WWII Marine fought all 36 days of the battle of Iwo Jima
By CURT SYNNESS | (Helena, Mont.) Independent Record | Published: September 24, 2019
HELENA Mont. (Tribune News Service) — Adm. Chester Nimitz once said, “Uncommon valor was a common virtue on Iwo Jima.”
On Feb. 19, 1945, about 100,000 U.S. Marines landed on that tiny volcanic island in the South Pacific during World War II. The allied invasion of Iwo Jima ranks among the most intense battles in world history, and afterwards, 27 men received the Medal of Honor, the most for a single battle during the war.
The 3rd, 4th and 5th Divisions of the 5th Marine Amphibious Corps hit the beaches of the Sulphur Island to secure the landing strips. Despite the extreme bombing to soften up the Imperial forces, the Marines faced murderous fire on D-Day.
On the third day, the U.S. flag was raised on Mt. Suribachi, a scene that became one of the most famous photos of the war.
For 36 days, the Americans took on an enemy entrenched in underground tunnels and spider caves in nonstop, close-range fighting. More than 6,800 Marines, sailors and soldiers were killed in action, while more than 20,000 Japanese lost their lives.
One of those with “uncommon valor” was Harold Pedersen, who passed away Sept. 7 in Helena at age 96.
Pedersen had been a three-sport athlete in Valley City, N.D. He was a state champion in the mile as a junior before enlisting in the Marine Corps. As a “5th Raiders” machine gunner — 5th Division, E Company, 2nd Battalion, 27th Marines Regiment — Pedersen celebrated his 22nd birthday the day of the invasion.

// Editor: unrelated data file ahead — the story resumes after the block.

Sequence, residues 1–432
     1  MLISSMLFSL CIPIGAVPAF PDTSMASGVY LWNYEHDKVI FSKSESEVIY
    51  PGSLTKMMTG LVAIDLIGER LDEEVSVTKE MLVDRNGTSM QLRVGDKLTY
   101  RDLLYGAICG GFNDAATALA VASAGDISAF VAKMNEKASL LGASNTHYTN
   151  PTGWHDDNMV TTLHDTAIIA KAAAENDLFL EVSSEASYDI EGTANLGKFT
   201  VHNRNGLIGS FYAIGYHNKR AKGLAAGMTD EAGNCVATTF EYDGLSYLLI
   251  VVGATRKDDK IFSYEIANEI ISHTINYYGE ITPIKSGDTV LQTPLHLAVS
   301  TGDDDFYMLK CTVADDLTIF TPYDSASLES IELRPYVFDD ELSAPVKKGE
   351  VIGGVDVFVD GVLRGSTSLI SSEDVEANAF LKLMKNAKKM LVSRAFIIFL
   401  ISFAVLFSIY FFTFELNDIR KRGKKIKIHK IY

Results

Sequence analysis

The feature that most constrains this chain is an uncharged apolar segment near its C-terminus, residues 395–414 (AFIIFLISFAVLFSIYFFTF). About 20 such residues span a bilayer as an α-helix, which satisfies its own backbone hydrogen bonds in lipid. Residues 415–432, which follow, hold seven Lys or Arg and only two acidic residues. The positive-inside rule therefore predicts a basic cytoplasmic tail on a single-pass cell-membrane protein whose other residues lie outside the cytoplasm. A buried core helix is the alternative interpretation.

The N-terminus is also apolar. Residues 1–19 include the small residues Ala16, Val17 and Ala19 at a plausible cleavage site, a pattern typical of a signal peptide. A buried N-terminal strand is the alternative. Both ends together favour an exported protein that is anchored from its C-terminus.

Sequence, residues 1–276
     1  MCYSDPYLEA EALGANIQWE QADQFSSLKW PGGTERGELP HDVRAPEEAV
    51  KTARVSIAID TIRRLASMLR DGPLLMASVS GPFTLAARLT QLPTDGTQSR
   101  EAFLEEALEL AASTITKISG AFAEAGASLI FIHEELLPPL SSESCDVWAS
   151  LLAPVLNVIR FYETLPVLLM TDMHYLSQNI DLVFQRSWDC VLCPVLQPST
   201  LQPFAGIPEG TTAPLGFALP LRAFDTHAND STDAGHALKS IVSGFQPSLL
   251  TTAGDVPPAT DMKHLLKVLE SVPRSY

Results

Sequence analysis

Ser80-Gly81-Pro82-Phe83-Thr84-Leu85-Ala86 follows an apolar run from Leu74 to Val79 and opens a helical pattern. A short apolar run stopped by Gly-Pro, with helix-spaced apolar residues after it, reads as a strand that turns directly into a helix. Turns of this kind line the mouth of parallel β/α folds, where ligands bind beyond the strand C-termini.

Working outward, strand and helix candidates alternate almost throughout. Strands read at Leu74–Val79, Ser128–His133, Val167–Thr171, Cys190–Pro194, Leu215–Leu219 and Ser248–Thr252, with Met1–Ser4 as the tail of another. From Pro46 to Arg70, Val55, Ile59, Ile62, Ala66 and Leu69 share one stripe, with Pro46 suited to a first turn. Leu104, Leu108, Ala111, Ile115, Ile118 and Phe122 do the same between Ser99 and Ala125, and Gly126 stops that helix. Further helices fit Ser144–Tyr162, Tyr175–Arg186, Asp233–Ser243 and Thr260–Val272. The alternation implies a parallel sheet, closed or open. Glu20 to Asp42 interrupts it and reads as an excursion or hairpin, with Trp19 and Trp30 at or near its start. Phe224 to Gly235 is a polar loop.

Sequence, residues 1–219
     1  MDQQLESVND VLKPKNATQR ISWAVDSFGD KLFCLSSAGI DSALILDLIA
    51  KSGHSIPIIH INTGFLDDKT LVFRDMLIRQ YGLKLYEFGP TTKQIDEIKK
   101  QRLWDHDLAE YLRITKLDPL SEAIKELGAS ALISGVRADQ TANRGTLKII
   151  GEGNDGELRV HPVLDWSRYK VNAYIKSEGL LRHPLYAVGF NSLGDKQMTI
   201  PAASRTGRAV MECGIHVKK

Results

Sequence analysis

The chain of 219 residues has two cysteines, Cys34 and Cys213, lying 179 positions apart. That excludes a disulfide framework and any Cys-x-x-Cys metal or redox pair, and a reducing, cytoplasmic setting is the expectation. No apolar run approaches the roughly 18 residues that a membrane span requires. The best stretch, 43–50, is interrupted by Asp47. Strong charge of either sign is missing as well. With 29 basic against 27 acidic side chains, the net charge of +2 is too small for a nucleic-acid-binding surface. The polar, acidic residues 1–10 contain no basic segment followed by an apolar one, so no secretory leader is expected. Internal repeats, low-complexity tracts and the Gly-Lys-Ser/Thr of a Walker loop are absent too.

“I was there from the first day through the last day, and I don’t think I slept for longer than two hours the whole time,” Pedersen told this reporter in a 2005 interview. “There was no such thing as a safe area.”
Of the 245 guys of Company E with whom Pedersen landed, by March 25, there were only 19 original members left, the remainder having been killed or wounded.
“When we first landed, we had to climb up three terraces of black sand,” he recalled.
As the Leathernecks scrambled up in the face of withering fire, Pedersen noticed that one of the dead was a former prep hoops rival, with whom he had visited the night before.
“We could see them coming at us,” Pedersen of the Japanese round mortars with no fins, “and if it was spinning, we’d get down, knowing it would explode. But if it wobbled, we knew it wouldn’t detonate.”
During one assault, they were led by Baylor’s All-American Jack Lummus. Advancing toward a pillbox, Lummus stepped on a land mine, losing most of both legs and part of his groin.
“He refused to be taken back and just propped himself up against a bunker and directed the rest of the assault,” recounted Pedersen. “He lost a lot of blood, and his last words were, ‘The New York Giants just lost a great end.’”
Lummus posthumously was awarded the Medal of Honor.
After the atomic bombs, Pedersen’s outfit occupied Japan in the postwar era. He went on to a long, storied coaching career in North Dakota, where one of his hoopsters at Williston High was future NBA coach Phil Jackson.
Pedersen and his late wife, Genevieve, moved to Helena in 1985 to be closer to their son, Tom, and his family. Harold’s eardrums were punctured on Iwo Jima, but he never asked for compensation, out of consideration for his fellow troops who did not come back at all.